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You can help keep your heart and blood vessels healthy by taking steps toward a healthier lifestyle. These healthy habits include not smoking, eating right, exercising regularly, staying at a healthy weight, and getting the screening tests you need.
A heart-healthy lifestyle is important for everyone, not just for people with existing health problems. It can help you keep your heart and blood vessels healthy. If you already have heart or blood vessel problems, such as high cholesterol or high blood pressure, a healthy lifestyle can help you manage those problems.
If you have children, you can be their healthy role model. If your habits are healthy, your children are more likely to build those habits in their own lives.
Everyone who uses tobacco would benefit from quitting. When you quit smoking—no matter how old you are—you will decrease your risk of heart attack, stroke, and many other health problems. For help with quitting smoking, see these topics:
- Quitting Smoking
- Quitting Smokeless Tobacco
- How Does Smoking Affect Your Lifespan?
- Quitting Smoking: Should I Use Medicine?
Eat healthy foods
Eating healthy foods is one of the best things you can do to prevent and control many health problems, including heart and blood vessel disease. For help with healthy eating, see these topics:
- Dietary Guidelines for Good Health
- Developing a Plan for Healthy Eating
- Quick Tips: Adding Fruits and Vegetables to Your Diet
Improving your fitness is good for your heart and blood vessels, as well as the rest of your body. Being active helps lower your risk of health problems. And it helps you feel good. For more information about being active, see these topics:
Reach and stay at a healthy weight
Staying at a healthy weight is also part of a heart-healthy lifestyle. Read more in these topics about reaching and staying at a healthy weight:
Get screening tests
Seeing your doctor regularly and getting screening tests is important. The sooner your doctor diagnoses a disease, the more likely it can be cured or managed. To reduce your risk of heart and blood vessel problems, be sure to keep an eye on your cholesterol and blood pressure. The tests you might have to check your risk for heart and blood vessel problems depend on your age, health, gender, and risk factors. Talk to your doctor to find out which tests are right for you.
Health Tools help you make wise health decisions or take action to improve your health.
Other Works Consulted
- Eckel RH, et al. (2013). 2013 AHA/ACC guideline on lifestyle management to reduce cardiovascular risk: A report of the American College of Cardiology/American Heart Association Task Force on Practice Guidelines. Circulation. http://circ.ahajournals.org/content/early/2013/11/11/01.cir.0000437740.48606.d1.citation. Accessed December 5, 2013.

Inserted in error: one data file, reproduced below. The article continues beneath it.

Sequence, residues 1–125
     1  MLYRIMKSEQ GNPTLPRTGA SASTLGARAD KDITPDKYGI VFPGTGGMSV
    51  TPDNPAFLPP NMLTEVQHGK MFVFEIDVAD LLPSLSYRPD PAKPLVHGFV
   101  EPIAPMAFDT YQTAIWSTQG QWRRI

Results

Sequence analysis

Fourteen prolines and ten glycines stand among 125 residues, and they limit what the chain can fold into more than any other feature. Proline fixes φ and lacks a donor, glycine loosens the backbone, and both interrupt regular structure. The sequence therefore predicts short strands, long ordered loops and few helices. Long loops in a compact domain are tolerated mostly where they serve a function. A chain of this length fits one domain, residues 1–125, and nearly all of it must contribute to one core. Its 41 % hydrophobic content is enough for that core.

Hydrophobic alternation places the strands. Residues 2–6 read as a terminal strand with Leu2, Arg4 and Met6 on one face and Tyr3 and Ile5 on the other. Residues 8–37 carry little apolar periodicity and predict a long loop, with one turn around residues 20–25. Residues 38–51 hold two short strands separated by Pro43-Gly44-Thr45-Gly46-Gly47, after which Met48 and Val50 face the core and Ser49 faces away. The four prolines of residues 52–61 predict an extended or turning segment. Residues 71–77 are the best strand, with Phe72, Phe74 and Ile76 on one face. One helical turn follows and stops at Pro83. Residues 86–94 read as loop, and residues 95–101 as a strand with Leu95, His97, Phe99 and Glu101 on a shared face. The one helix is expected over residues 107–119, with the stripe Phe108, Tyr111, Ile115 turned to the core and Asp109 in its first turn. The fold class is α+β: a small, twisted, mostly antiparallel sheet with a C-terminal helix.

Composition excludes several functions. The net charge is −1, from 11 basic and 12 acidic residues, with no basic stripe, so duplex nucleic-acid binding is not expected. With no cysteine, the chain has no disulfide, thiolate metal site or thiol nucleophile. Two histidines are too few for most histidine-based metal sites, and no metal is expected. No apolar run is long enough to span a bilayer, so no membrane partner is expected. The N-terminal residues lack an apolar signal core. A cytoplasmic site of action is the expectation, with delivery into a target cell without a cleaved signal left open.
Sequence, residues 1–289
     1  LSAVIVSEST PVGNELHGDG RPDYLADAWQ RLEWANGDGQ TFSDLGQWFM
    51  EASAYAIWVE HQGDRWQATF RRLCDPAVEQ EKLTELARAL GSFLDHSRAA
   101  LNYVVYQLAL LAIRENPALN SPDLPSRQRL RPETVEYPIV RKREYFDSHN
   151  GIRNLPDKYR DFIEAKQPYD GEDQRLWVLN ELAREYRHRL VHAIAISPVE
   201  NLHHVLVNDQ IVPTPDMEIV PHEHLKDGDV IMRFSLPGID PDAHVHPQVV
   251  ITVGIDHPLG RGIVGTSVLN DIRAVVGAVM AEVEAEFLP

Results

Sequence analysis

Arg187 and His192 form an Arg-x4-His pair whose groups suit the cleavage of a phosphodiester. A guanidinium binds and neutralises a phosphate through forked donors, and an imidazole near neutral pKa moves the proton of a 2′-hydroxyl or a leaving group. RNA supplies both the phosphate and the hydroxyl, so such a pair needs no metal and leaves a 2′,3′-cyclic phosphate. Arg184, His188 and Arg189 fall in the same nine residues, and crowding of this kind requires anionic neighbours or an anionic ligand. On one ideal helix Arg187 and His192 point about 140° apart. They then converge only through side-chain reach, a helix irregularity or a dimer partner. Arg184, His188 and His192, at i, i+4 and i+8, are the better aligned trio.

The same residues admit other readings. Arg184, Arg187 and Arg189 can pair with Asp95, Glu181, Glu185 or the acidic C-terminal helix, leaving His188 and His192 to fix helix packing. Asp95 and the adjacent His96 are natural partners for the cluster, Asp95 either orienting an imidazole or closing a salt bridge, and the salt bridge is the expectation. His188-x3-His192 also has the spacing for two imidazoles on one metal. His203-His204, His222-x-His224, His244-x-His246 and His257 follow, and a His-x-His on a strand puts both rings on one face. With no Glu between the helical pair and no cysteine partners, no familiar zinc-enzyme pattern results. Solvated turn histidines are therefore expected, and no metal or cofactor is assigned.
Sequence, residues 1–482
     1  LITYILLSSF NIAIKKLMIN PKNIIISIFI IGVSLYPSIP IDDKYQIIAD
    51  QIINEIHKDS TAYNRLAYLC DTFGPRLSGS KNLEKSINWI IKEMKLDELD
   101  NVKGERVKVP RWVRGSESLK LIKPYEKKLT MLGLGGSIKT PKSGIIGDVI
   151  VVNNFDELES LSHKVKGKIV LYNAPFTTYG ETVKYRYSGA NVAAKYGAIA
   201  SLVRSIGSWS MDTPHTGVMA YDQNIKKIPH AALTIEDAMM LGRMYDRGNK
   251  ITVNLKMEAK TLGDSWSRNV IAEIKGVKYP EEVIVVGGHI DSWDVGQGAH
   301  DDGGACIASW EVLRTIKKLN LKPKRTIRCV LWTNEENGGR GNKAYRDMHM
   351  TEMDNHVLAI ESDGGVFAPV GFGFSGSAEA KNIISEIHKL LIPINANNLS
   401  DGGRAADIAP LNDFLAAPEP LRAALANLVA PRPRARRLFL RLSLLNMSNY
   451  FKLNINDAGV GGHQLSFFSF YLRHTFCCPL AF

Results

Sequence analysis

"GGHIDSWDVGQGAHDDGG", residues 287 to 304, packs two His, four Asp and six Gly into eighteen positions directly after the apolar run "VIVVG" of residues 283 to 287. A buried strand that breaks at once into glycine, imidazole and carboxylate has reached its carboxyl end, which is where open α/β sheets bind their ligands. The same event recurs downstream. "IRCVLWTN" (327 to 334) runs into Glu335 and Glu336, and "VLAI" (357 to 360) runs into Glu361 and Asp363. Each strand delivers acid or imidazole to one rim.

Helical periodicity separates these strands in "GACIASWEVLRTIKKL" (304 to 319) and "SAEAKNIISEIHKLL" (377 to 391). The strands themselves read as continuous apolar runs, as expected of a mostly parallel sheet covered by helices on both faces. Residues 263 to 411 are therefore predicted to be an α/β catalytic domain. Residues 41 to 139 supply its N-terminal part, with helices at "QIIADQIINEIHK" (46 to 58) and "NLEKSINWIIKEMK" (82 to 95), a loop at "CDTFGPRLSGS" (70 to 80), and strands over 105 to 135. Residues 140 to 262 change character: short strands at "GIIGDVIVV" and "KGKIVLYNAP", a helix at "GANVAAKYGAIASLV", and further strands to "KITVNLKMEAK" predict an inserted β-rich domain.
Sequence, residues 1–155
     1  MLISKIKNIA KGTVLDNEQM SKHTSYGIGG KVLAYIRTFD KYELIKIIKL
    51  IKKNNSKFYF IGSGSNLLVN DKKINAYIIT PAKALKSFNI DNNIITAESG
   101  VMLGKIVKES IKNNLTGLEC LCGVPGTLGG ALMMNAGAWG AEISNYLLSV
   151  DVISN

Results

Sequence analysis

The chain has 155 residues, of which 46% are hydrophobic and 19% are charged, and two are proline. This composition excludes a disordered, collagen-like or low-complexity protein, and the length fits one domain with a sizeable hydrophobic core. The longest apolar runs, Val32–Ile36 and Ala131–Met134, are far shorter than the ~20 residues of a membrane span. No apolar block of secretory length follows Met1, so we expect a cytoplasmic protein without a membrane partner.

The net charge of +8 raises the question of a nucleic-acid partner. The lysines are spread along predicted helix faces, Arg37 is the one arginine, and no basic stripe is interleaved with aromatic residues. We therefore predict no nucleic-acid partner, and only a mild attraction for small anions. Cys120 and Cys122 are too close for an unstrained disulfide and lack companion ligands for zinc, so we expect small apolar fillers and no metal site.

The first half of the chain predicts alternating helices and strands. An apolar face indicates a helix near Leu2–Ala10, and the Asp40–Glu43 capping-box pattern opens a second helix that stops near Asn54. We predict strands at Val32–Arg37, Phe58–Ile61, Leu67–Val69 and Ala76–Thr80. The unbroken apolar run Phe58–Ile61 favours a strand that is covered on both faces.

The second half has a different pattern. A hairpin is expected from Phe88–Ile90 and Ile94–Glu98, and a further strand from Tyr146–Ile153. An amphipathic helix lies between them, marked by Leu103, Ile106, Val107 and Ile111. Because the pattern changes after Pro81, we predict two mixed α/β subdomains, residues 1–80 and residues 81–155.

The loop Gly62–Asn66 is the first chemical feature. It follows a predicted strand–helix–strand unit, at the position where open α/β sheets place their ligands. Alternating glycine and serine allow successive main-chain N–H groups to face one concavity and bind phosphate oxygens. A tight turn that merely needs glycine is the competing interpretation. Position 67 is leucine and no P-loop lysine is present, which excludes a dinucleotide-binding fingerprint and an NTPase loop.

- Expert Panel on Integrated Guidelines for Cardiovascular Health and Risk Reduction in Children and Adolescents (2011). Expert panel on integrated guidelines for cardiovascular health and risk reduction in children and adolescents: Summary report. Pediatrics, 128(Suppl 5): S213–S256.
Current as of:
August 31, 2020
Author: Healthwise Staff
Rakesh K. Pai MD, FACC - Cardiology, Electrophysiology
Brian D. O'Brien MD - Internal Medicine
Martin J. Gabica MD - Family Medicine
Adam Husney MD - Family Medicine
Robert A. Kloner MD, PhD - Cardiology
E. Gregory Thompson MD - Internal Medicine
Current as of: August 31, 2020
Healthwise, Healthwise for every health decision, and the Healthwise logo are trademarks of Healthwise, Incorporated.
Contact Physical Activity Services
If you have questions about physical activity or exercise, call 8-1-1 (or 7-1-1 for the deaf and heard of hearing) toll-free in B.C. Our qualified exercise professionals are available Monday to Friday from 9am to 5pm Pacific Time. You can also leave a message after hours.
Translation services are available in more than 130 languages.
HealthLinkBC’s qualified exercise professionals can also answer your questions by email.
Contact a Dietitian
If you have any questions about healthy eating, food, or nutrition, call 8-1-1 (or 7-1-1 for the deaf and hard of hearing) toll-free in B.C. You can speak to a health service navigator who can connect you with one of our registered dietitians, who are available 9am to 5pm Monday to Friday. You can also leave a message after hours.
Translations services are available in more than 130 languages.
HealthLinkBC Dietitians can also answer your questions by email.
Find Services and Resources
If you are looking for health services in your community, you can use the HealthLinkBC Directory to find hospitals, clinics, and other resources.